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It is broadly accepted that Turkey occupies a geopolitically significant position. Its simultaneous access to different peripheries, as well as its subsequent multidimensional role, have led the country to be named “a pivotal state”[1] and “the bridge between the East and the West.”[2] Under this prospect, Turkey is important for European security in general, and for any great power desiring to implement effective strategic surveillance of the greater region. In the post-Cold War era, an indication of this importance is provided by the NATO document MC-161, according to which there are 16 crucial, unstable, and dangerous regions in the world; 13 of them can be found in the greater periphery of Turkey.[3] Such a geopolitical role demands that the country practices a continuous and cohesive strategic behavior not influenced by possible internal imbalances.

John Mearsheimer’s offensive realism is identified with maximization of interests met by power maximization as a prerequisite for the survival of state sovereignty.

It is due to these reasons that the neorealist approach of International Relations (IR) theory best accounts for the case of Turkey. Neorealism encapsulates the hypotheses of state-centrism in the international system, international anarchy, sovereignty, survival, and is split basically among defensive and offensive realisms. In Glenn Snyder’s words, the major difference between these two sub-approaches is related to the perception about how powerful the state must be in order to survive; offensive realism refers to the unlimited power maximization states pursue because uncertainty cannot be mitigated, while defensive realism focuses on the need to balance against the fear of counter-balancing coalitions.[4] Thus, Kenneth Waltz’s defensive realism prefixes state survival via respect to the balance of power.[5] On the contrary, John Mearsheimer’s offensive realism is identified with maximization of interests met by power maximization as a prerequisite for the survival of state sovereignty. As a consequence, the foremost aim of grand strategy is regional hegemony, as well as relative economic growth to support military empowerment, preponderance in the area of ground forces, and persistent efforts for nuclear superiority.[6]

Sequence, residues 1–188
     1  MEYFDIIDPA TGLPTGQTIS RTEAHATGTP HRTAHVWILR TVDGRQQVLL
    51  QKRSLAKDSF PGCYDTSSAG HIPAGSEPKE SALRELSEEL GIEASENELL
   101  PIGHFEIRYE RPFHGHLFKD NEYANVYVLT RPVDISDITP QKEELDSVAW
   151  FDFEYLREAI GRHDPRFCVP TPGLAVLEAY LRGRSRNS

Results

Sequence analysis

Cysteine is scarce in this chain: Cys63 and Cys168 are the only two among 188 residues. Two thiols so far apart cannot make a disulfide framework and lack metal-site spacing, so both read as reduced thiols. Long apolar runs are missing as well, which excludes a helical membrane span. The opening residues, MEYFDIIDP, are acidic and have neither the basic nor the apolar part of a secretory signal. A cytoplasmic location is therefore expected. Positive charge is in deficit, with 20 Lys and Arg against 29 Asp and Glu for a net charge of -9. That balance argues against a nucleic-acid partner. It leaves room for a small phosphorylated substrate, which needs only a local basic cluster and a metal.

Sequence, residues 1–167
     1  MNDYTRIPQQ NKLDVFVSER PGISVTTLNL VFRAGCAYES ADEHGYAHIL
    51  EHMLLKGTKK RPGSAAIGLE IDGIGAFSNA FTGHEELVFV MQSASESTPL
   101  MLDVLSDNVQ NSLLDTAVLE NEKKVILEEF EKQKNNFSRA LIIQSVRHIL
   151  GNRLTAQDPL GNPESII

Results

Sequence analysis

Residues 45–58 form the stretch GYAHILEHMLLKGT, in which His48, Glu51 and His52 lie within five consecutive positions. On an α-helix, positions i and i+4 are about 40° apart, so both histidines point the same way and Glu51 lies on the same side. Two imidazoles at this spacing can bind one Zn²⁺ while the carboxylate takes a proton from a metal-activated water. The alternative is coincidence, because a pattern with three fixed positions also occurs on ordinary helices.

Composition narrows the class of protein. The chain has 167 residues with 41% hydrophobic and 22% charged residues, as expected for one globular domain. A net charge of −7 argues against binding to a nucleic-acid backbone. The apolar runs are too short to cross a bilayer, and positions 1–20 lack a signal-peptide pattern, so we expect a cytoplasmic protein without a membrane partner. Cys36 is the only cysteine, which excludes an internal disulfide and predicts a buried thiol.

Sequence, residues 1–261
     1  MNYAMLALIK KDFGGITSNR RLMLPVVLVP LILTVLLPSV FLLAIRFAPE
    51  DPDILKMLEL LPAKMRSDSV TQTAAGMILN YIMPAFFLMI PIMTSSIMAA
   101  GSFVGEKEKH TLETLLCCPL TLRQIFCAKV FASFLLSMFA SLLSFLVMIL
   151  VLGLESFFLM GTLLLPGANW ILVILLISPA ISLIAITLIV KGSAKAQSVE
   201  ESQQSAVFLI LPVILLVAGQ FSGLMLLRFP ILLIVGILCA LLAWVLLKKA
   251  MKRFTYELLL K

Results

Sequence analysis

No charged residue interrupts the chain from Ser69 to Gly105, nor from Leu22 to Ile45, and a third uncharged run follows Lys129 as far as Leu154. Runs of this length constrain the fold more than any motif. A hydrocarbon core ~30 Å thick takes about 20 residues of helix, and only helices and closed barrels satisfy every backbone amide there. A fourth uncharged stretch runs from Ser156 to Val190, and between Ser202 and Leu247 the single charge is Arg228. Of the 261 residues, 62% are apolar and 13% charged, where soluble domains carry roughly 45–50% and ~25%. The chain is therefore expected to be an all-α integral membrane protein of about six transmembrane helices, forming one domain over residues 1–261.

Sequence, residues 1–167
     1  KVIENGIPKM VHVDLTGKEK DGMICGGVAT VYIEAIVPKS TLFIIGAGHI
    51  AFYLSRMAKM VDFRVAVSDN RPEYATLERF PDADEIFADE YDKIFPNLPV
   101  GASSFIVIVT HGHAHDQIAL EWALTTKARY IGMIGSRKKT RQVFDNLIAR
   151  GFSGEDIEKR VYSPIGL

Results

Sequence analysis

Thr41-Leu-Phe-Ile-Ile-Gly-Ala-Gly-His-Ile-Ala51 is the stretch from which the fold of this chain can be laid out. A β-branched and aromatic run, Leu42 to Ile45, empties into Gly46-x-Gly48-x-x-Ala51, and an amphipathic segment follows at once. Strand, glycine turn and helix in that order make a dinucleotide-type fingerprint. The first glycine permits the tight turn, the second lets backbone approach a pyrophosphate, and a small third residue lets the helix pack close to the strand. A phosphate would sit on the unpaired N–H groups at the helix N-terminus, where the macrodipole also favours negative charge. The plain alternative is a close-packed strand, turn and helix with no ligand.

This article is about the “Mearsheimerian tragedy,” presented in Mearsheimer’s acclaimed book The Tragedy of Great Power Politics, vis-à-vis the case of Turkey. The article explains what this tragic element is and how Turkey can be associated with it.

The Concept of Tragedy

Mearsheimer borrows from the Greek word “tragedy” in order to give a title to his theory, described above. He refers to the vicious cycle of security dilemmas and anti-hegemonic coalitions dominating international politics. In Mearsheimer’s own words, the tragic element in great power politics lies in the fact that states, “whether they have revisionist goals or not,” are forced by the structure of the international system “to behave as if they were revisionist powers and compete with each other for power.”[7] The issues at stake in the latter encapsulate continuous security dilemmas resulting from uneven growth among the international system’s units and some of these units’ hegemonic aspirations.[8]

‘Mearsheimerian tragedy’ is a concept used to describe the endless will for power and domination as a way to survival.

“Mearsheimerian tragedy” is a concept used to describe the endless will for power and domination as a way to survival. In terms of classical theater, tragedy is “an imitation of action of serious stature and complete”; i.e. a series of decisions made again and again as a result of misperception or ignorance. [9]

It has been mentioned already that the conflictual characteristics of the international system are endemic, but management of the situation is always the responsibility of leaders and strategic planners. Human actions are ex vi termini subjective, and thus, unpredictable. It is a matter of a correct analysis of the regional and global environment to maximize power up to the level of what the strong can do without provoking competitors’ anxiety and their subsequent will for external balancing, i.e., alliances. In this way, a great power escapes from the vicious cycle as far as its power maximization is not seen as a security dilemma by the others.